Let me explain my… no, NOT journey… can we settle for ‘story’ instead?

Leonardo had suddenly suggested that we go to New York in late September. I’d never been to the US. My passport was out of date and he’d immediately paid for a fast-track upgrade as a result.

Back in ’79 you could get seriously cheap ‘Standby’ airline tickets to all the major destinations – a precurser of last-minute-dot-com, as it were; before the world-at-large even had an inkling of the upcoming ‘industrial revolution’ that was eventually to become known as The Internet (and guess who ended-up writing the internet column for 24/7 magazine for nearly five years in the late 90s under the name Webfoot?).

So, there I was on a plane heading for America – as the vague protégé of a rich Italian Count, who was sitting beside me on a deliciously inappropriate Aeroflot flight. We both took tamazapan (I got it on prescription) and slept all the way, once we’d had some appalling ‘food’… and excellent vodka!

 *Nostalgic magical, memory moment alert*

As we’d hit 30,000 feet, the lights saying ‘You May Now Smoke’ lit-up, with a aural ping, in the panels above our heads.  Delicious.  Even better than a post-prandial or post-coital cigarette (or roll-up, in my case).  Maybe it was the combination of air-travelling, transatlantic glamour and the oxygen. With a vodka and tonic (or three… echo…echo), to accompany it – and, of course, my excitement at going to the US.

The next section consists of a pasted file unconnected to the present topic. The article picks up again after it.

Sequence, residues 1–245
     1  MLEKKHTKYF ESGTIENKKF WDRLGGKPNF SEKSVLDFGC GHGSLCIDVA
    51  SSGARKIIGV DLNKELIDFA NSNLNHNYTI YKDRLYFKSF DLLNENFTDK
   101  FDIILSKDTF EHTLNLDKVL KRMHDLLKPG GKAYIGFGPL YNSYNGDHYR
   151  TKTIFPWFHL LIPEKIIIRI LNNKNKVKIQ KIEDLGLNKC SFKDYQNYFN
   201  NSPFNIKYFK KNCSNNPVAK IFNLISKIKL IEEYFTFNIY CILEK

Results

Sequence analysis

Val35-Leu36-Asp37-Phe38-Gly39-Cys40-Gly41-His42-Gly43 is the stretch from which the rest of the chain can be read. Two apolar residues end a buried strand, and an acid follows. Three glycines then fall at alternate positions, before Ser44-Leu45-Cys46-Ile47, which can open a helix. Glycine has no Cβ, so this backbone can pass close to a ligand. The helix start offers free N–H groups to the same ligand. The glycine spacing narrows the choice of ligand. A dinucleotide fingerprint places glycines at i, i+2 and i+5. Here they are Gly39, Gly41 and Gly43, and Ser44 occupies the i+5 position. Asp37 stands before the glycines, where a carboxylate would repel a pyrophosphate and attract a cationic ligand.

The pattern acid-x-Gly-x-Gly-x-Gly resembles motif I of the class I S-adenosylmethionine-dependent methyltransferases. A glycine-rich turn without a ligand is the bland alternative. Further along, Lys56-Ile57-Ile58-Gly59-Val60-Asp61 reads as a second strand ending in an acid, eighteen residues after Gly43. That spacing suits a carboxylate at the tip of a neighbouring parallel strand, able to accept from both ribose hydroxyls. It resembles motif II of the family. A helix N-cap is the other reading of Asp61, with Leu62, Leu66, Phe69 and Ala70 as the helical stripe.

I used to love smoking.  Then, for my sins, as you may recall, I was summarily punished with chronic emphysema, (or COPD as it’s more commonly known these days), after I was diagnosed in 2005, soon after my wonderful/eventful/dramatic New York Halloween week staying with my much-missed, ex-BBF Tommy in his apartment in Soho, close to the trendy Soho Grand Hotel. He’d insisted that my terrible rasping cough (and what were later confirmed to be panic attacks) were very likely to suggest chronic emphysema… and he was right.

As it happens, smoking DOES seem to help you concentrate and focus, especially creatively.  Unfortunately, it also tends to kill you.  Not a whiff of nicotine has passed my lips since I gave-up the cancer sticks, which was, literally, immediately after my diagnosis, with the help of nicotine patches and gum, and Christabel’s excellent reassurance that ‘the craving only lasts three minutes’, having recently given-up smoking herself. Best advice ever – over and above all the commercial ‘nicoquit’ hard-sell.

Giving up smoking is ultimately down to you.  You just have to stop. Then deal with it.  The worst possible thing you could do would be to smoke a UK-style joint containing tobacco. WRONG BELLS RINGING. You’d be back on the fags before you knew it. However, a nice friendly herbal cigarette from the health shop was fine. I’m still on my self-invented, two-step programme: just one spliff after dinner – of the finest Skunk – scattered, like some exotic, eastern spice over my herbal nico.